I have both hosted message boards (in a women's homepages community) where people ask for recommendations on their sites - which is incredibly time consuming - and also hosted chats that included site advice in varying degrees.
In one case, there was a time I co-hosted with someone else for a special chat, and people submitted their URLs for review in advance, which were then distributed to the group by email for opinions to be rendered the following week. The other lady was the "host" and I was the co-host assisting, so to speak. There were about 8 sites gone through in the space of an hour (with some left undone), with all meeting with group approval.
I have to say that there was not one that would have gotten past me, personally, without at least an hour run-through on each, as well as followup sessions - which is why I never did one of those again, even though it was requested of me. I might in future, with only one site per session, pre-selected to cover a specific area or point of emphasis each time, to demonstrate a given principle - and then have followup. The time element is, however, prohibitive.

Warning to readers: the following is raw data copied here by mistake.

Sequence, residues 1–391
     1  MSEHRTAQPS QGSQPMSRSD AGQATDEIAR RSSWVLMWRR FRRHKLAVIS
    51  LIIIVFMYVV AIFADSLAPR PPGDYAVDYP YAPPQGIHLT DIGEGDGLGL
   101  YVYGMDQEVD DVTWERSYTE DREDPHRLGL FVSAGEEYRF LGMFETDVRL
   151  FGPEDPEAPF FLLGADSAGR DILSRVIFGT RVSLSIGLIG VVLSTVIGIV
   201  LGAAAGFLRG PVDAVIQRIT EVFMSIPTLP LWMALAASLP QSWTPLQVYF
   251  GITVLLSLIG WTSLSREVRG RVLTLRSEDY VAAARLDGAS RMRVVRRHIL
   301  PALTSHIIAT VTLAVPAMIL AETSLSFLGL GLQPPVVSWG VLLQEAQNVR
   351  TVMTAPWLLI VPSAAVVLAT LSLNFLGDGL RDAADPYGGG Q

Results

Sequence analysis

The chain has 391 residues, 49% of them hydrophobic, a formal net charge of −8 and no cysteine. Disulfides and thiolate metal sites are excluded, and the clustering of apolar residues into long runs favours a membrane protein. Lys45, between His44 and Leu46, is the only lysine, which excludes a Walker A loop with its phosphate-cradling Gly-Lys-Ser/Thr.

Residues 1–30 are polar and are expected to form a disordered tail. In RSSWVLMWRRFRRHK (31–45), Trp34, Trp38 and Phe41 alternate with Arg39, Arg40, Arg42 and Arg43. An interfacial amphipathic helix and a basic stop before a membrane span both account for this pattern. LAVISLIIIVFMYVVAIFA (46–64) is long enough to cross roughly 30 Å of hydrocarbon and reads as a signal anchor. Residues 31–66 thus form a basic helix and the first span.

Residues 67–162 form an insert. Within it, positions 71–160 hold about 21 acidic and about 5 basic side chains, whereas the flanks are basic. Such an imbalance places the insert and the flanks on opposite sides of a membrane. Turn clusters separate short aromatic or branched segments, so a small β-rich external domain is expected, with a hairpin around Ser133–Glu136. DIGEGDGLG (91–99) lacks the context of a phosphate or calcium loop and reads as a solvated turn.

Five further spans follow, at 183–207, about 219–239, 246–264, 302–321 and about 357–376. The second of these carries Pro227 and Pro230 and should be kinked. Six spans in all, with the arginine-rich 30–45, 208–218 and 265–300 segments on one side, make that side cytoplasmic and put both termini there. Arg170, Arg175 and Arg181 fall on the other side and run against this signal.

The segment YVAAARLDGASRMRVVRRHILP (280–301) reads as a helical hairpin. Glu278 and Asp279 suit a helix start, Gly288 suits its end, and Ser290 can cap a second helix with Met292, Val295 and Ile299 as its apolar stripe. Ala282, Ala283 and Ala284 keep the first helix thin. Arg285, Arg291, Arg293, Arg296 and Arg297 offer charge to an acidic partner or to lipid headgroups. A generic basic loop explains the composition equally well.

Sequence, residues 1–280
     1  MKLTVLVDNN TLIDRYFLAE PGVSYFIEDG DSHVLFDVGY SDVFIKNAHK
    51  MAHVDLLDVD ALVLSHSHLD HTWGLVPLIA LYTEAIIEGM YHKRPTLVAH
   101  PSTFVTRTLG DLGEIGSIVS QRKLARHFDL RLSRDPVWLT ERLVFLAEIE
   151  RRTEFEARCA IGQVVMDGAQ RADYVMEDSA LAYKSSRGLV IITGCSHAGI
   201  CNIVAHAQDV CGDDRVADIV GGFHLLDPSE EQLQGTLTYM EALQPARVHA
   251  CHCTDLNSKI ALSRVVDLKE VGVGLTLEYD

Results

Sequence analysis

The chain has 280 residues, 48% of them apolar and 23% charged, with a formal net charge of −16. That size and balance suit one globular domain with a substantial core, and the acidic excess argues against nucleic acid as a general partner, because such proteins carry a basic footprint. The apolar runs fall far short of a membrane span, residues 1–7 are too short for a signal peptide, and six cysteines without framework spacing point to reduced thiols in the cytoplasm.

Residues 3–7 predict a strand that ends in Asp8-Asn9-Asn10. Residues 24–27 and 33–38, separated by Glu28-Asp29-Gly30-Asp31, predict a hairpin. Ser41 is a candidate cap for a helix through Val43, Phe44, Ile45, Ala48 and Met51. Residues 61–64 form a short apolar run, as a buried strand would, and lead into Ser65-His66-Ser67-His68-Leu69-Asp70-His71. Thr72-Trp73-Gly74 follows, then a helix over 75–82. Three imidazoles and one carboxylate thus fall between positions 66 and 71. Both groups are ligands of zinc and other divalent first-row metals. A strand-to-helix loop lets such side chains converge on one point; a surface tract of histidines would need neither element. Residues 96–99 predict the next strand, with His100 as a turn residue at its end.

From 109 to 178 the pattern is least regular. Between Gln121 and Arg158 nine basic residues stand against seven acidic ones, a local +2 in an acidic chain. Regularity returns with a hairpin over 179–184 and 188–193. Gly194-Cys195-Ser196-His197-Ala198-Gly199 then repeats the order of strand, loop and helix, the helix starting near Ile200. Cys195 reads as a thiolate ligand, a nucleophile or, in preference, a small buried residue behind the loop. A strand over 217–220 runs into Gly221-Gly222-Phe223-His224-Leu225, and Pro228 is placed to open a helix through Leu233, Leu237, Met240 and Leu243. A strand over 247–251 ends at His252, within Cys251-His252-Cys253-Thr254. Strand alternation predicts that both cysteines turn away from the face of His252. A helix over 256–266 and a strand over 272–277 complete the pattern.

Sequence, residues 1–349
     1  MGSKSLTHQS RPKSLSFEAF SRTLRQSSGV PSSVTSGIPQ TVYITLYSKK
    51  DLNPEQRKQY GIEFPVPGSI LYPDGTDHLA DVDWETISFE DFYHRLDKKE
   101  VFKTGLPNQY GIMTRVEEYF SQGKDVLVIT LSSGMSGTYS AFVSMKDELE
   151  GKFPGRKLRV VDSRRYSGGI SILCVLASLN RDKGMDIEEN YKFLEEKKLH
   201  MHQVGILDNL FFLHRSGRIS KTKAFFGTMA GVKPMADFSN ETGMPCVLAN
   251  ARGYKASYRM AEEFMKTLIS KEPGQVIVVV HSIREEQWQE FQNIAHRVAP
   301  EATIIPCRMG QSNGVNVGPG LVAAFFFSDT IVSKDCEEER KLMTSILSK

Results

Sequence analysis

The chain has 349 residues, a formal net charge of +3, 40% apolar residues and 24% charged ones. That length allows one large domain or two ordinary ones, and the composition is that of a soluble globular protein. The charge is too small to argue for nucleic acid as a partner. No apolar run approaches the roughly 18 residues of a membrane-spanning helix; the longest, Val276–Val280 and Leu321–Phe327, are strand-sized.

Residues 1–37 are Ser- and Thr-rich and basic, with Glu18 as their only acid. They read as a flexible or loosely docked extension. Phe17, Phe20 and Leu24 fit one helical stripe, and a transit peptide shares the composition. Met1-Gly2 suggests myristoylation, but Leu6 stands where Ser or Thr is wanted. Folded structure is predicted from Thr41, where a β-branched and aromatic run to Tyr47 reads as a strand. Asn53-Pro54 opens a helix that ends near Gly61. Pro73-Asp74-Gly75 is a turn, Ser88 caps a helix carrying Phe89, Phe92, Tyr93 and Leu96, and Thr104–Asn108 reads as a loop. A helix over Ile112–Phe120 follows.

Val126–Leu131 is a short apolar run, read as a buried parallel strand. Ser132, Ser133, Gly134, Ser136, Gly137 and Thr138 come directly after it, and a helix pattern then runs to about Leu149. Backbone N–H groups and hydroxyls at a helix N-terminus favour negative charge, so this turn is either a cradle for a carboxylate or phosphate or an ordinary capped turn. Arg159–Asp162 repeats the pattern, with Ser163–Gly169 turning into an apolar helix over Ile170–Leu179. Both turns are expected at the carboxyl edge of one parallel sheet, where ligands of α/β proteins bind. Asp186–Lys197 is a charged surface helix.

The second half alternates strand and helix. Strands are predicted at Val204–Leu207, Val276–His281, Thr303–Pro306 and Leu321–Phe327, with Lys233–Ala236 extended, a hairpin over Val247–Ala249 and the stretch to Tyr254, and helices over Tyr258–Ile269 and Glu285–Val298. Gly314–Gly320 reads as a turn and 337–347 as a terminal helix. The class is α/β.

While I agree that visual demonstration is highly effective, it's an ambitious project - I would hazard a guess that it would almost require having a pre-determined curriculum and something beyond volunteer staff, if only because of the level of time and commitment involved for that sort of project.
If you look at what we have here, there are HTML and scripting issues, design and graphics issues, a soup-to-nuts assortment of SEO issues, and to top it all off, even a forum concerned with the business of being in business.